For children. Get-up-and-go books for summer's dog days
AS the initial enthusiasm of summer vacation ebbs into August daydreaming, it helps to have some get-up-and-go books on hand. Books that stimulate thought, that raise intriguing questions, that provide the kinds of practical suggestions youngsters may need to get started on a new project or two. The big outdoors begs to be explored this time of year, and a number of recent titles encourage readers to take a closer look at the soil beneath their feet and the sky above. These books also confirm the steadily improving quality of nonfiction writing for children. This year, in fact, a nonfiction work was recognized for literary merit as a Newbery honor book: Volcano: the Eruption and Healing of Mount St. Helens, by Patricia Lauber (Bradbury, New York, $14.95, 64 pages, ages 8 to 11).Skip to next paragraph
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The best of the new science books continues that tradition of excellence. In A Shovelful of Earth (Henry Holt & Co., New York, $12.95, 114 pages, ages 10 to 14), husband-and-wife authors Lorus J. Milne and Margery Milne offer a fascinating glimpse of the little-known world of soil-dwellers. With shovel in hand, these renowned naturalists go digging in North American forests and grasslands, tropical rain forests, and Arctic permafrost. They turn up bucketfuls of creatures and plants, from blind crayfish and burrowing owls to acrobatic moles and pixie-cup lichens that take a century or more to rise an inch above their rock base. Almost every page offers a few new facts. There are majestic viewpoints as well (``On any grassland, you can see in all directions, and feel taller than anywhere else in the world''), plus some adventurous asides (``As you climb any tall mountain ... you can pretend you are heading for the North Pole''), and a number of reminders of the fragility of nature (``You must respect the shallow soil high on a mountain'').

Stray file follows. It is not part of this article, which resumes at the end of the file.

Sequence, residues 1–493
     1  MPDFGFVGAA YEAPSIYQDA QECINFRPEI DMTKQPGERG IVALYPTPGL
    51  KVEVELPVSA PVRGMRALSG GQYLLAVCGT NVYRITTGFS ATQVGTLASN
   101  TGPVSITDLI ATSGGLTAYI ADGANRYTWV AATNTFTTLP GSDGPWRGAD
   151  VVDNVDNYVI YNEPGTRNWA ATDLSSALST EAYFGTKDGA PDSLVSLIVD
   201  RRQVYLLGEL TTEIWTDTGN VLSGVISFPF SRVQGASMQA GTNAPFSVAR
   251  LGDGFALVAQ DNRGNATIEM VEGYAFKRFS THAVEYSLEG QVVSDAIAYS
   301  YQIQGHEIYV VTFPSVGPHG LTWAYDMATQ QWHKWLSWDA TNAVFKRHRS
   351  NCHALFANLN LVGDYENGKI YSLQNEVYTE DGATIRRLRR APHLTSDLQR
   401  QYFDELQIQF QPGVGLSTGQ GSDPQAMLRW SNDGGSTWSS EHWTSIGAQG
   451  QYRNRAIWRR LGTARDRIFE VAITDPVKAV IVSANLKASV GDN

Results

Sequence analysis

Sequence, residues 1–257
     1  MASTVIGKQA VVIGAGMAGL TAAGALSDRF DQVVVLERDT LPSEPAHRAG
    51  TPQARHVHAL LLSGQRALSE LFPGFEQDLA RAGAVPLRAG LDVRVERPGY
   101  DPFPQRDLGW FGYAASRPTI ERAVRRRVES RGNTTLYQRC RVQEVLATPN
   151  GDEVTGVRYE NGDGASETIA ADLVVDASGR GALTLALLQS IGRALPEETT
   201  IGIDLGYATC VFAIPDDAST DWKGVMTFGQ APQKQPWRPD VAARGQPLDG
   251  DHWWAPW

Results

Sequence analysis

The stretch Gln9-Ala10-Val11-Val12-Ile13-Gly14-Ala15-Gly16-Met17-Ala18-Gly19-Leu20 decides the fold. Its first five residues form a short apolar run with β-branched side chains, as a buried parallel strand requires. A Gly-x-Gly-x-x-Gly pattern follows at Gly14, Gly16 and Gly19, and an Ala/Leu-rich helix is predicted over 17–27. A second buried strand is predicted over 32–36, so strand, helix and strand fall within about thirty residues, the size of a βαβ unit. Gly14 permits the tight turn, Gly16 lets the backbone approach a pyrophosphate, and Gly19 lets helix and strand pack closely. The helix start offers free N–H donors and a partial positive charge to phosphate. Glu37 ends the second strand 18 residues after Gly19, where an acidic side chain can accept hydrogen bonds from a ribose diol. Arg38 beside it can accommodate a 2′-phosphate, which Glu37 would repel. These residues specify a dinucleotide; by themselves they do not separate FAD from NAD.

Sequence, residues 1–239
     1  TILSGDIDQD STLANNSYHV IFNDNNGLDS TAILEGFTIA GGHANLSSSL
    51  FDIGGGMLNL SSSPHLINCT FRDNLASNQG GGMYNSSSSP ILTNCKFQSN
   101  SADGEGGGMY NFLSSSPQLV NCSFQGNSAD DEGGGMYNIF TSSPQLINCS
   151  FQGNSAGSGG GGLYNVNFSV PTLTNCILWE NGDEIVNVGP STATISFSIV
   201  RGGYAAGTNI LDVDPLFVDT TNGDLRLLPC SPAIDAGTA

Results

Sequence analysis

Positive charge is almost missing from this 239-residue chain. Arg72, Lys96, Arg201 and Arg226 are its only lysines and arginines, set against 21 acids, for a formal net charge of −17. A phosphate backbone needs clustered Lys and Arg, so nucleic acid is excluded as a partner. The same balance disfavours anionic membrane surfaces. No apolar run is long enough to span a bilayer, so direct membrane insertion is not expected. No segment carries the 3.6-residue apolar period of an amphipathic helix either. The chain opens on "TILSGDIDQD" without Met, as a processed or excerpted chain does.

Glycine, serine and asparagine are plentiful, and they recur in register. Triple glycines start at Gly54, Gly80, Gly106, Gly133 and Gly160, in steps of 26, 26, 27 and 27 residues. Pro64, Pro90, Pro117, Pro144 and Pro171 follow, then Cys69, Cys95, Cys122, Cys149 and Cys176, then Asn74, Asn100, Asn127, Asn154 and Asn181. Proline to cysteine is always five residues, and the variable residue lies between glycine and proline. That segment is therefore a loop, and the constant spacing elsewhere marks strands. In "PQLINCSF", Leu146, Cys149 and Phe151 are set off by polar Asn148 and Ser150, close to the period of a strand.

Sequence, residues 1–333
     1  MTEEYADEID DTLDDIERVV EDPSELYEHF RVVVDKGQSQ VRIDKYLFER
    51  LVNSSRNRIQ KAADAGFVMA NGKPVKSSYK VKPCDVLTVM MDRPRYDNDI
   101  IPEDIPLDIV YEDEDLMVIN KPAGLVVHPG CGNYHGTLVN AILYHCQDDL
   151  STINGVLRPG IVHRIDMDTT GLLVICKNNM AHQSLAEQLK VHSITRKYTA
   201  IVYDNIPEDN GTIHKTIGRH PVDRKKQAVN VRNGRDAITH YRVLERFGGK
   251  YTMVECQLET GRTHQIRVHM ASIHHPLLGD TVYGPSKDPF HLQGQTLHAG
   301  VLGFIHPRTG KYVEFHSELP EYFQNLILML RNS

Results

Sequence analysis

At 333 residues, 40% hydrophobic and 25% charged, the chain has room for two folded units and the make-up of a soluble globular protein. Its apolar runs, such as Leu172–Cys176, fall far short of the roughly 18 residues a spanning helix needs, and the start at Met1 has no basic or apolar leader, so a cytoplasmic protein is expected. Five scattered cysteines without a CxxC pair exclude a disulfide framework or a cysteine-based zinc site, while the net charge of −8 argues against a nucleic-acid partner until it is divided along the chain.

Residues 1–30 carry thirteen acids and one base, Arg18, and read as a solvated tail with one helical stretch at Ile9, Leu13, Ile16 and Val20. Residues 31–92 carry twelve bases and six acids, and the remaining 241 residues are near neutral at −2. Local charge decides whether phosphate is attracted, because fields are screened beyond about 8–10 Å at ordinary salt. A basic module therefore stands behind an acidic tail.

The authors' tone is welcoming, and illustrator Margaret La Farge builds on that approach with lovely pen-and-ink drawings of critters and their habitats.
How to Think Like a Scientist, by Stephen P. Kramer, illustrated by Felicia Bond (Crowell, New York, $11.50, 44 pages, ages 8 to 12), is a short but sweet investigation of how questions are answered using the ``scientific method.'' The author sets up one story after another to involve his readers and get them thinking logically.
He explains basic concepts like ``control groups'' in a low-key way and maintains a realistic tone (``Sometimes it is hard to decide what the results of an experiment mean''). It's a satisfying primer on the subject, with cartoony line drawings that add to the enjoyment.
It's Raining Cats and Dogs, by Franklyn M. Branley, illustrated by True Kelley (Houghton Mifflin, Boston, $12.95, 112 pages, ages 8 to 12), is another successful blend of interesting text and appealing artwork. Author Branley, who is astronomer emeritus and former chairman of the American Museum's Hayden Planetarium, takes on ``all kinds of weather and why we have it.''
He has a lifetime of anecdotes to draw on and a keen sense of the kinds of facts that spark inquisitive young minds. There's some history sprinkled about - record-breaking hailstorms, blizzards, and the like - but mostly this is a book that encourages budding scientists to figure things out for themselves (``... don't take our word for it'').
Branley proposes simple experiments to test the size and shape of raindrops, to make clouds, to measure wind speed. Some of the examples he uses are a bit macabre (a parachutist who froze over with ice and fell seven miles to his death, and a Park Ranger who's afraid of lightning), but overall it's a well-balanced approach to the oddities of the weather that surrounds us.